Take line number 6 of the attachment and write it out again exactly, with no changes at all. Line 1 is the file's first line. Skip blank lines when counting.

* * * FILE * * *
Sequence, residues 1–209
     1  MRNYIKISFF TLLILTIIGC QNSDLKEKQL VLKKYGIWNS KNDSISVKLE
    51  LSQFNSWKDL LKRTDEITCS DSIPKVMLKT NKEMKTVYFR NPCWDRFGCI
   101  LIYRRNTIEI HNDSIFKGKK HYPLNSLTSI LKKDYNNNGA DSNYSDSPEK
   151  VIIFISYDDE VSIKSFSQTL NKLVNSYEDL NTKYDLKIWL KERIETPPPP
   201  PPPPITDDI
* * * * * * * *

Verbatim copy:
   201  PPPPITDDI